What War Between Iran and Saudi Arabia Might Look Like

Iran missilesSuspicion continues to swirl over the bizarre plot, allegedly by agents of the Iranian government, to assassinate the Saudi ambassador to the United States, and launch attacks on the Saudi and Israeli embassies in Washington, DC. Most of the speculation focuses on the veracity of the Obama Administration’s claims and the possible responses. Some commentators have also mentioned the alleged “Cold War” in the Middle East, with Iran and its allies on one side, and Saudi Arabia and its allies on the other. Few observers, however, seem to have written of the likely outcomes if the war were to become “hot.”

While much talk focuses on Iran’s alleged pursuit of a nuclear weapon, some analysts point out that Iran’s military accelerated its missile program as a way to compensate for its inability to match the air power of potential rivals. As a result, Iran now possesses various models of various types (ballistic, cruise, et cetera) of missiles, most of which can reach well into Saudi Arabia and some of which are accurate enough to be used against military bases of various types. These missiles could also hit facilities of the Saudi oil and gas industry, as well as desalination plants, potentially dealing severe damage to the Saudi economy.

The Royal Saudi Air Force would have no choice but to eliminate Iran’s many missiles as quickly as possible. The Saudis would not necessarily know which of the missile sites are home to the high-priority missiles of higher accuracy, thus forcing them to attempt to neutralize them all. If the Iranians are smart, they have prepared (or will prepare) dummy missile sites, which can serve as decoys. The Serbs did this to great effect in 1999 during the attacks on their country by NATO. In any case, the Saudi planes will have to make numerous sorties against Iranian targets (real or dummy), exposing themselves to attack from Iran’s fighters and air defenses. All the while, the Iranians would launch as many missiles as possible, potentially eliminating much of the Saudi air force on the ground, and/or at least rendering bases unusable and forcing the Saudis to withdraw to bases further to the west. Saudi Arabia’s ships, leaving port to avoid incoming missiles, would actually be in greater danger than if they remained in port, but at least they might be able to take the fight to the Iranians.

Opinion is divided as to whether or not a war would unite much of the Iranian population in nationalistic enthusiasm, or whether the dissent of recent years would erupt again. If the Saudis struck first, the former scenario is more likely. As for the Saudis, King Abdullah is in his late 80s, Crown Prince Sultan is only slightly younger and in poor health, and the line of succession becomes contentious after that. The Kingdom’s restive Shi’a primarily live in oil-producing regions near Bahrain, and they (like most Saudis, only more so) do not share their government’s enmity towards Iran. Indiscriminate Iranian strikes could change that, and this may or may not figure into Teheran’s calculations. The upshot of all of this is that a war between Iran and Saudi Arabia could be a fairly even contest, one in which interested third parties might want to play a decisive role.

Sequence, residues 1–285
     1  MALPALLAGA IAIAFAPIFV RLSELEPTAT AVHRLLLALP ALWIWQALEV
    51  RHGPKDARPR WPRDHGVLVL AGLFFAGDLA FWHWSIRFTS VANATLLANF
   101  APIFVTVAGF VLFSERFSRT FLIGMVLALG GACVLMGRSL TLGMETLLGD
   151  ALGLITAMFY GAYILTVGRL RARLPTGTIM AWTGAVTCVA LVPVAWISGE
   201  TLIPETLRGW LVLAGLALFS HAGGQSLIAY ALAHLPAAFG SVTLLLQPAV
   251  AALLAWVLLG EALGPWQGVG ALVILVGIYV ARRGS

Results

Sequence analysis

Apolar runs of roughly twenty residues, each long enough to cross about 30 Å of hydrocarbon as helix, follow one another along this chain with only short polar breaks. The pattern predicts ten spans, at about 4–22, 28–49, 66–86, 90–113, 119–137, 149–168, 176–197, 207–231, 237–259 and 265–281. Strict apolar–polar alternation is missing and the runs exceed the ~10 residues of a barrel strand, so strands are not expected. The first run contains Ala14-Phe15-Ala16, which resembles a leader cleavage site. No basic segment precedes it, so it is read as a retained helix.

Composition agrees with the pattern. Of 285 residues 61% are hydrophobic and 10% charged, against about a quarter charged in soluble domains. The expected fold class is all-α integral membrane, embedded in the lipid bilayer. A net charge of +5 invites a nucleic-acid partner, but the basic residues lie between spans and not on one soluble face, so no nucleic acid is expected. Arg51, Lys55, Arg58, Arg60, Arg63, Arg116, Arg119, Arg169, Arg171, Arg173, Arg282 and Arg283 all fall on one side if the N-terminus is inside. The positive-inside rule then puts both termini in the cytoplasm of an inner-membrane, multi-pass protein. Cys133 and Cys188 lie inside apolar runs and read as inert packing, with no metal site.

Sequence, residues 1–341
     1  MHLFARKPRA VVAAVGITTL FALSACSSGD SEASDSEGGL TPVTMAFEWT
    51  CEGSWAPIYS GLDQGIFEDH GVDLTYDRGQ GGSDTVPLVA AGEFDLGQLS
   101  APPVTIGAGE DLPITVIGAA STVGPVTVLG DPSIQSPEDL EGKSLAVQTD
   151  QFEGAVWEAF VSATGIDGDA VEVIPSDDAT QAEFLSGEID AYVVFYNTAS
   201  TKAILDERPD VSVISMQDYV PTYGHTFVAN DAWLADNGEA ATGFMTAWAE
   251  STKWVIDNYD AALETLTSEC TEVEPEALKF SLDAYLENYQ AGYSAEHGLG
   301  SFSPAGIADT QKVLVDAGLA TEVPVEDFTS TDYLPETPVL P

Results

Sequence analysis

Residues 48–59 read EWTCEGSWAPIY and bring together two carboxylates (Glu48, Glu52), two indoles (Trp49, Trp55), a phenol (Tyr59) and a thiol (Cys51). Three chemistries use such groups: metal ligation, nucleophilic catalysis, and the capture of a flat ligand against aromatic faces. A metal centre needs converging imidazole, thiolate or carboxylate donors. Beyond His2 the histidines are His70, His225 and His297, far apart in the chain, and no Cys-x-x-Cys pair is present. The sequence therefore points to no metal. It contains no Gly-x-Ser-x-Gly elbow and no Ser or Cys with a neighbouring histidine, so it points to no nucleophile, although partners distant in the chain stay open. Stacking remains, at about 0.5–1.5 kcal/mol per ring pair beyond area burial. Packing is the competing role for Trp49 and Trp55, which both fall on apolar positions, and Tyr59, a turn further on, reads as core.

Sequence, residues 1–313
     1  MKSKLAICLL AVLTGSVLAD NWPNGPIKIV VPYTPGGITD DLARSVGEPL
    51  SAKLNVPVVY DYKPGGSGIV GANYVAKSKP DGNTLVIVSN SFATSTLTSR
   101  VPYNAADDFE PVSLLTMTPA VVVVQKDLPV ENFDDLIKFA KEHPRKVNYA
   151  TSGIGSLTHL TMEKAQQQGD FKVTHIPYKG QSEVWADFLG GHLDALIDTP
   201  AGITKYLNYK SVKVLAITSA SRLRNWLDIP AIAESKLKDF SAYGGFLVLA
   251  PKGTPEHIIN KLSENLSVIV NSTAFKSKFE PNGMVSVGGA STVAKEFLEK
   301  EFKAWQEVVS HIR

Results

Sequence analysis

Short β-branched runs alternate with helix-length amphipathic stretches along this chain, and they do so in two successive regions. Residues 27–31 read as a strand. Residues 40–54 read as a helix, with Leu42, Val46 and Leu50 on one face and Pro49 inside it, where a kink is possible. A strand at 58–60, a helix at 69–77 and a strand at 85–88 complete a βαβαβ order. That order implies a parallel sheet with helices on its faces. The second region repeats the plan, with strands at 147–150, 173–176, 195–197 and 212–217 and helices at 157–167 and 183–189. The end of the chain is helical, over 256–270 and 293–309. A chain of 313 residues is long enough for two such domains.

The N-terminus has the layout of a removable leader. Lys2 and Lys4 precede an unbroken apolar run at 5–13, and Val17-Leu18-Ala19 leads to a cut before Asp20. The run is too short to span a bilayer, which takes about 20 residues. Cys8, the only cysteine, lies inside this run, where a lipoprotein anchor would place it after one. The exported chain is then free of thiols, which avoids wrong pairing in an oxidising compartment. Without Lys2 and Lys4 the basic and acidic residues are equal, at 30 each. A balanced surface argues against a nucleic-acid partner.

Scott Charney is an intern at Foreign Policy in Focus.

  • amir

    tnx man….im Iranian we don’t like war…all Iranian don’t……but when they force us there

  • pismopal

    There is a piece of your puzzle missing and that is Israel and Iran knows it all too well.

  • Russia’s Evil

    whatever Russian slug.

  • Daniel

    There is an important issue which is the Shiite population of Eastern Saudi Arabia, These people have much more sympathy with Iran than Saudi Arabia as a result of deep sectarianism inside Saudi. The oil rich eastern Saudi is in the hearth of the Shiite territories, Beside that there is big population of Hothie Shiites in the South, just bordering Yemen where they are killing poor Yemenis. This may collapse Saudi regime in a long all out war or at least ease Persians operation in the Saudi lands.

  • Joe Collins

    No Scott, Saudi Arabia is no match for Iran. Your understanding of military strategy and abilities is limited. With Iran’s huge missile forces in action against Saudi Arabia, the Saudis would be constantly on the back foot. In an all out war, Iran would pummel Saudi air and military bases with a “shock and awe” effect. Saudi Arabia would struggle to get its air force off the ground as medium range missiles hammer control towers and runways. Military bases would be struggling just to survive the onslaught, let alone mount a concerted attack. By the time Saudi aircraft reached the coasts of Iran, they would be faced with one of the most intense, integrated air defense systems in the ME. Stragglers that made it further into the Iranian interior would then face air to air attacks by the Iranian air force. Then after hitting targets in Iran, the Saudi war planes would head home through the same missile defense gauntlet, then have to find a way to land their planes in open desert areas as their air bases would be totally smashed from continuous missile attacks. Saudi naval forces would be extremely vulnerable to Iranian submarines and shore based anti-ship missiles. The Saudi oil industry would also be relegated to ashes and they would be forced to sue for peace on terms favorable to the Iranians. Saudi Arabia simply could not take on Iran, unless, of course, they had the backing and support of their allies, Israel and the United States. . .

  • kal

    I am not Saudi but I wish Saudi win .Iran is an evil Satan .